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Joined: Oct 2000
Posts: 2,749
[Linked Image]

In Arizona doesn't seem to withstand the effects of the earth?

What does UL have to say about this and does the NEC cover this situation?

[This message has been edited by Joe Tedesco (edited 03-07-2005).]

Joe Tedesco, NEC Consultant
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Joined: Aug 2001
Posts: 7,520
That looks bad, especially for a dry climate like Arizona. Or is this the result of galvanic action of some kind?

By the way, what's the usual thickness of the metal used for EMT?

Joined: Jan 2003
Posts: 4,391
Paul, EMT is roughly the same as the exhaust pipe on a car.


Bob Badger
Construction & Maintenance Electrician
Joined: Nov 2002
Posts: 174
EMT wall thickness runs from 0.042 for 1/2 inch to .083 for 4 inch.

Compare that to Rigid Steel which runs from .104 to .225.

BTW IMC runs from .070 to .140.

Joined: Aug 2001
Posts: 7,520
Thanks. There was some thinwall conduit used in the U.K. in the past, but nowadays we don't really have an equivalent to EMT in general work, just PVC or heavy-gauge steel.

Joined: Aug 2002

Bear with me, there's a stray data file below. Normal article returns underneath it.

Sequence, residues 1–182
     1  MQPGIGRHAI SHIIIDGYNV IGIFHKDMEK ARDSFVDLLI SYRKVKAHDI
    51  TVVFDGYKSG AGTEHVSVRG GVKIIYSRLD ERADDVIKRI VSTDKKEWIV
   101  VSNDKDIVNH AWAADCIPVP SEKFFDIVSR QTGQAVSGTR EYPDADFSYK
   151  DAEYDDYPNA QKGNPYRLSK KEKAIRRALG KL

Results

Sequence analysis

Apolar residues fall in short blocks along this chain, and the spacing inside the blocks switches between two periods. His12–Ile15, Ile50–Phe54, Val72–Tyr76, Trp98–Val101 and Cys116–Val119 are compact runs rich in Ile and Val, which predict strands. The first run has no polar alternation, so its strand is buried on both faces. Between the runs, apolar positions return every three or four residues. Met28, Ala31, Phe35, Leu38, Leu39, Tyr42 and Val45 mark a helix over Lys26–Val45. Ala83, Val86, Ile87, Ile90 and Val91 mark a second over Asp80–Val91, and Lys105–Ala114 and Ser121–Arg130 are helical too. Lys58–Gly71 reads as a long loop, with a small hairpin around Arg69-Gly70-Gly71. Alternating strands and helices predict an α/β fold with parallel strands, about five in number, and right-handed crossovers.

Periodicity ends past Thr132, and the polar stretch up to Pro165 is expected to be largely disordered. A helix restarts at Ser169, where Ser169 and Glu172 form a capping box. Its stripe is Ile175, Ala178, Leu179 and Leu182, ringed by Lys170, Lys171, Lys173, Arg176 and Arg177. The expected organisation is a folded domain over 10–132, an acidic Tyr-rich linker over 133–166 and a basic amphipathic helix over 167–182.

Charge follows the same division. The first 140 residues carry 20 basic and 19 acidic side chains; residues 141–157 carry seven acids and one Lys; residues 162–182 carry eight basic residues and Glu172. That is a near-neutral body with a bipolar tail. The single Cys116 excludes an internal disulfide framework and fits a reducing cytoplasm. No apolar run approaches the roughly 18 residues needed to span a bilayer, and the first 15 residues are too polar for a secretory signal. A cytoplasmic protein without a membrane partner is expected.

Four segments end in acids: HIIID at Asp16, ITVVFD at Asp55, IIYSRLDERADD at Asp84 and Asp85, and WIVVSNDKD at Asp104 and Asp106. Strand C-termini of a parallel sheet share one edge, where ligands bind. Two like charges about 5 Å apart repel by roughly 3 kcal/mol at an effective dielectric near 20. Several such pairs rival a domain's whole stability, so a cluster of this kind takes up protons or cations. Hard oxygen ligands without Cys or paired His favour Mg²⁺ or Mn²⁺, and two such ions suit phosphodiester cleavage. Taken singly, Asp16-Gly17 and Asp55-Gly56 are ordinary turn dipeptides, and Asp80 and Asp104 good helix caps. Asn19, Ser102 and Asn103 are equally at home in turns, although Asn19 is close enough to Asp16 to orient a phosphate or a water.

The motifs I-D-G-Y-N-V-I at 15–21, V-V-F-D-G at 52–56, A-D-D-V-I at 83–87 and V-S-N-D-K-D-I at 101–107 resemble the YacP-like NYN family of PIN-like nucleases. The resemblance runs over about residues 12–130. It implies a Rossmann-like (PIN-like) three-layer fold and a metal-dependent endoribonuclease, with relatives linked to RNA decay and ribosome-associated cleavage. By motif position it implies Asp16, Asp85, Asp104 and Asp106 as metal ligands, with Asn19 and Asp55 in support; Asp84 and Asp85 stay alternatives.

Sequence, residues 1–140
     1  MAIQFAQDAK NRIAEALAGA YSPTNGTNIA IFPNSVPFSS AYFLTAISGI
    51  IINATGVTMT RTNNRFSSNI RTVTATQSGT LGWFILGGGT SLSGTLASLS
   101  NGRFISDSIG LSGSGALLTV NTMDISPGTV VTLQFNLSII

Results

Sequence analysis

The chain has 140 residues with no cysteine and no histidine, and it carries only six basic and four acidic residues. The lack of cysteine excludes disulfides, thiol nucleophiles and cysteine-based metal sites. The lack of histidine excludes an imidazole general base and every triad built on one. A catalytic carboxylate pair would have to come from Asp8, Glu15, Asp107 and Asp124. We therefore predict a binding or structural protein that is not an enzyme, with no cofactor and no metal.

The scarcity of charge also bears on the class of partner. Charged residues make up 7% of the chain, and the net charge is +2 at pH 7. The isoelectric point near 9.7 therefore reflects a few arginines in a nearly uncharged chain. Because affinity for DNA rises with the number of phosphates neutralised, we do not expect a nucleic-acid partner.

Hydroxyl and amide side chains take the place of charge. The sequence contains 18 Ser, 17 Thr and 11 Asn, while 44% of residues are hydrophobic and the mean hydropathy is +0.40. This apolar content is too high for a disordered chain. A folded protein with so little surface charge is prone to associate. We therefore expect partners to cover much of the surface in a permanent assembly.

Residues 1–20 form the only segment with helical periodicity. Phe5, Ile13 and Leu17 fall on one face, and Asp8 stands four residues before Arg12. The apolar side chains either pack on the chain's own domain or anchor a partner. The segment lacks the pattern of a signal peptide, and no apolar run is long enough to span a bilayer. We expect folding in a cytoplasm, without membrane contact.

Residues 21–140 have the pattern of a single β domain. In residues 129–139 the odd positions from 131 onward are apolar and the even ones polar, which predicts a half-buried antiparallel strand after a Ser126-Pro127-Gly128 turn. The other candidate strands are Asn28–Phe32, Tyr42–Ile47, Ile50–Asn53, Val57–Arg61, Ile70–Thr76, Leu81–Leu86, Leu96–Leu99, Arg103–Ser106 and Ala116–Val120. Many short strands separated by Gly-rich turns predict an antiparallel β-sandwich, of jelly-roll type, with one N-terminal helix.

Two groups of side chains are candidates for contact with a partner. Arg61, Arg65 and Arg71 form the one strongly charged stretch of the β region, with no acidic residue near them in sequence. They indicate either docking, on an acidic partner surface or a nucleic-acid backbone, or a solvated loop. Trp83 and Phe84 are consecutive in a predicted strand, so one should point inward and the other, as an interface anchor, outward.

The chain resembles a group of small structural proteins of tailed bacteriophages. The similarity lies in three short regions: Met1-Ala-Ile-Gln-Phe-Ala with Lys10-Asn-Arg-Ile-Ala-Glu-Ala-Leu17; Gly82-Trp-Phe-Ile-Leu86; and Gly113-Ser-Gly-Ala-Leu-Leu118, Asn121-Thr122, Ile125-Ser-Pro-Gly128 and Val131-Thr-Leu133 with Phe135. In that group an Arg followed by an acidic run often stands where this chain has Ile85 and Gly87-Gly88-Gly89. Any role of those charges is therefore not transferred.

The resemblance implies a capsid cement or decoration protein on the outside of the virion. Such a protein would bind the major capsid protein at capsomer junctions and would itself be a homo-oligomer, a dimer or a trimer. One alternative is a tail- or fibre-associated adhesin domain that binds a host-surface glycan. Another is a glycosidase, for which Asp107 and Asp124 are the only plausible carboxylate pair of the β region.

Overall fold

Posts: 1,081
Electrical Metallic Tubing: Type EMT

358.10 Uses Permitted.
(B) Corrosion Protection. Ferrous or nonferrous EMT, elbows, couplings, and fittings shall be permitted to be installed in concrete, in direct contact with the earth, or in areas subject to severe corrosive influences where protected by corrosion protection and judged suitable for the condition.
(C) Wet Locations. All supports, bolts, straps, screws, and so forth shall be of corrosion-resistant materials or protected against corrosion by corrosion-resistant materials.

358.12 Uses Not Permitted. EMT shall not be used under the following conditions:
(1) Where, during installation or afterward, it will be subject to severe physical damage
(2) Where protected from corrosion solely by enamel
(6) Where practicable, dissimilar metals in contact anywhere in the system shall be avoided to eliminate the possibility of galvanic action
Exception: Aluminum fittings and enclosures shall be permitted to be used with steel EMT where not subject to severe corrosive influences.

Joined: Jul 2003
Posts: 394
It looks like it may be "lava rock" around those pieces. If so, I have found that lava rock is very corosive, even to galvanized material. I've seen it eat completely through window wells when it was used around the foundation. This may be a location where Suitable for conditions is important.

Joined: Oct 2000
Posts: 2,749
This picture was taken in Las Vegas last year.

[Linked Image]

Joe Tedesco, NEC Consultant
Joined: Apr 2002
Posts: 197
Gwz Offline
You're just " nitpicking ".

Joined: Oct 2000
Posts: 2,749
continued ....

Define "nitpicking"

How in the heck are you! What's up? Did you send in any Proposals, and did they get accepted?

How about Comments?

Joe Tedesco, NEC Consultant
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